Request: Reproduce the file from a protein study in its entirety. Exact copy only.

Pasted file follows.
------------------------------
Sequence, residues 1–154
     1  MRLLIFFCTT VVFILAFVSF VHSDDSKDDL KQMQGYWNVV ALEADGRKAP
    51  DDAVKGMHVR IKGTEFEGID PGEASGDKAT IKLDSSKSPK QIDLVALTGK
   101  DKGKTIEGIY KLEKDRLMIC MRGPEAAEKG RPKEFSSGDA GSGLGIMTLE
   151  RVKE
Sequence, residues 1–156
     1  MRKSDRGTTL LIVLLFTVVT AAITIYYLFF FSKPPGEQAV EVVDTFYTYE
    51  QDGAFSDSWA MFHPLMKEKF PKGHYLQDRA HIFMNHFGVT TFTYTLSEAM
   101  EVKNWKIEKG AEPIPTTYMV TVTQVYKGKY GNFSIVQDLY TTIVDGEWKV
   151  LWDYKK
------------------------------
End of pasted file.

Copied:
Sequence, residues 1–154
     1  MRLLIFFCTT VVFILAFVSF VHSDDSKDDL KQMQGYWNVV ALEADGRKAP
    51  DDAVKGMHVR IKGTEFEGID PGEASGDKAT IKLDSSKSPK QIDLVALTGK
   101  DKGKTIEGIY KLEKDRLMIC MRGPEAAEKG RPKEFSSGDA GSGLGIMTLE
   151  RVKE
Sequence, residues 1–156
     1  MRKSDRGTTL LIVLLFTVVT AAITIYYLFF FSKPPGEQAV EVVDTFYTYE
    51  QDGAFSDSWA MFHPLMKEKF PKGHYLQDRA HIFMNHFGVT TFTYTLSEAM
   101  EVKNWKIEKG AEPIPTTYMV TVTQVYKGKY GNFSIVQDLY TTIVDGEWKV
   151  LWDYKK